Skip navigation
EAB Logo Navigate to the EAB Homepage Navigate to EAB home

3 strategies to enable secure and productive learning online

March 18, 2020, By Sharon Rosenfeld, Director, Research

Chris Brown, Director of Technology at Fremont County School District #1 in Lander, Wyoming, has been working with his team to prepare for a district-wide shut down. ‘

As a small district in a rural state, Fremont #1 faces some unique challenges—fewer wireless providers, limited connectivity—but much of the advice that Chris has to offer is relevant for districts of all sizes across the country as they prepare to support an extended period of mass remote instruction.

Below, Chris provides shares three strategies with detailed guidance to accommodate teacher and student needs for online learning while keeping the network safe.

  • 5-10%

    Of Fremont County students do not have internet access at home

1. Reconsider specific policies for devices and accessibility

Rethink your student smartphone usage policies

A smartphone can be a powerful learning platform that can access your LMS and other applications if no other device or internet connection is available. Remind parents to check if they have usage limitations on their data plans.

Ensure technology accessories go home with students

If you are a one-to-one district or school that doesn’t normally send devices home, be sure that accessories such as chargers, headphones with mics, and external iPad keyboards go home with students.  Let parents know ahead of time what will be coming home with their student.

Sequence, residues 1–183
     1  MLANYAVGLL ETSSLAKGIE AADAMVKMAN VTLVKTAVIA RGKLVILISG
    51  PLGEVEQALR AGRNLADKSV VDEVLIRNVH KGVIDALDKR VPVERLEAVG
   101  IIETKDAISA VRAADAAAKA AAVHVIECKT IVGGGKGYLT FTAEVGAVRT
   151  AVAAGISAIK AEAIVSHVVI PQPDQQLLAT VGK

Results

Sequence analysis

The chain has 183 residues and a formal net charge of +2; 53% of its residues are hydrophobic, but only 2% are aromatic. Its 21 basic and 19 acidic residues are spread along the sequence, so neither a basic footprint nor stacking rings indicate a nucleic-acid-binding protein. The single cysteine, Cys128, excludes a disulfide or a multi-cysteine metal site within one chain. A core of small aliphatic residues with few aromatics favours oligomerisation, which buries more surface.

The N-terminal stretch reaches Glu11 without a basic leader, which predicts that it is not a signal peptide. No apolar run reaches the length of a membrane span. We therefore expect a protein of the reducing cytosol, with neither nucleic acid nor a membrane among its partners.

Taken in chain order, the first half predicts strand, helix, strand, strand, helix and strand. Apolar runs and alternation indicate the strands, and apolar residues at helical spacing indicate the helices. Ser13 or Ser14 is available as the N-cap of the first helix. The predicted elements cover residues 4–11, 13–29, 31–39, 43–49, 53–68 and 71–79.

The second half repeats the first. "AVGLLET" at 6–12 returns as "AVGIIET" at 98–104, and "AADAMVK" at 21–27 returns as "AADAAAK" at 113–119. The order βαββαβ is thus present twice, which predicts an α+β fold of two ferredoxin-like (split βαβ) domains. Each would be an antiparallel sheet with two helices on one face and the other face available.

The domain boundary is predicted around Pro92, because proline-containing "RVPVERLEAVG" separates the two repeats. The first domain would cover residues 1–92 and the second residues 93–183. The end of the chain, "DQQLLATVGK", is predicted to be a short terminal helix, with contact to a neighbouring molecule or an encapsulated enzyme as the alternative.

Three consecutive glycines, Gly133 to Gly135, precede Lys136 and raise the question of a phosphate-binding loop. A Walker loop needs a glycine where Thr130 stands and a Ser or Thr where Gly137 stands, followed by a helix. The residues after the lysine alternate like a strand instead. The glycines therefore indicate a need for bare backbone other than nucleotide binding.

Note that while most districts should have a solid inventory of what devices are at each school, this information may reside only at the school itself. Consider tracking your inventory when releasing devices to students who normally wouldn’t take them home.

Plan for distribution of hotspot devices for student use

If your district has hotspot devices for student use, plan for their distribution and consider restricting non-educational website access on them to “stretch” your data plans.  This is particularly important in regions of the country where broadband access is constrained by lack of vendors or infrastructure, and the district is paying for a set amount of data each cycle.

Consider your device management policies

Consider your device management policies and make changes if needed. For instance, you will want to allow students to connect to other wireless networks besides your school’s and remove any limitations on camera access for video conferencing. Also, be sure to remove any policies that prohibit students from accessing applications that are typically restricted but have now become necessary for delivering instruction.